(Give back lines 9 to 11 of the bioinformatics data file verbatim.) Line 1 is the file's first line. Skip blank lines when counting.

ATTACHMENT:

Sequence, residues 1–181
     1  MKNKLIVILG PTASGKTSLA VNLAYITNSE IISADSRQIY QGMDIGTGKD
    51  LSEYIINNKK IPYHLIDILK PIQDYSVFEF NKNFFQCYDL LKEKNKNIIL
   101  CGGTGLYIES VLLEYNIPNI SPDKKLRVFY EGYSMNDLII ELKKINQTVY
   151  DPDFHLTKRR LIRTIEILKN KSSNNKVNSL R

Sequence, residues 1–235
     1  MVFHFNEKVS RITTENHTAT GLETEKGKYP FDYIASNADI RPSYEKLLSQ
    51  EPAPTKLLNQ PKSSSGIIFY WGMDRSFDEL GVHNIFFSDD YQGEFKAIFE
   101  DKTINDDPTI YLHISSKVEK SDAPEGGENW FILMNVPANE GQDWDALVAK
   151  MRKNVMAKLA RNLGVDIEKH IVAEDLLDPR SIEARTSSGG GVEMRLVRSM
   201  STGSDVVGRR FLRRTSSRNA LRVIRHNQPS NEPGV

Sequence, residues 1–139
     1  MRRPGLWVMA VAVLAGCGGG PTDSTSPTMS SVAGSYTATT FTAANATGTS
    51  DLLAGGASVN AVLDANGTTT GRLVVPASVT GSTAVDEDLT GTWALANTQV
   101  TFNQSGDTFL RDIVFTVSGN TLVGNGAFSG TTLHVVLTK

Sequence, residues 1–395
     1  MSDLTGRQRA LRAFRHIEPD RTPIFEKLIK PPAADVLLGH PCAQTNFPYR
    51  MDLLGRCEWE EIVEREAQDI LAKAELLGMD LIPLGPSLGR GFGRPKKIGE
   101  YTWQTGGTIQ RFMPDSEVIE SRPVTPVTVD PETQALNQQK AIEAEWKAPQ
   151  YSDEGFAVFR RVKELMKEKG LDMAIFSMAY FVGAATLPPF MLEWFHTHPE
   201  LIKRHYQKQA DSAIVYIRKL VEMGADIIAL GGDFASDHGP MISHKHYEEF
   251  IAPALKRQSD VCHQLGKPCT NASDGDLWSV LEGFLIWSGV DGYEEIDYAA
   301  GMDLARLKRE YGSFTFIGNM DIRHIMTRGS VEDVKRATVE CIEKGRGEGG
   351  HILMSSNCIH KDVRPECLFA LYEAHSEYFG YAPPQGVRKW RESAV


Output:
   101  DKTINDDPTI YLHISSKVEK SDAPEGGENW FILMNVPANE GQDWDALVAK
   151  MRKNVMAKLA RNLGVDIEKH IVAEDLLDPR SIEARTSSGG GVEMRLVRSM
   201  STGSDVVGRR FLRRTSSRNA LRVIRHNQPS NEPGV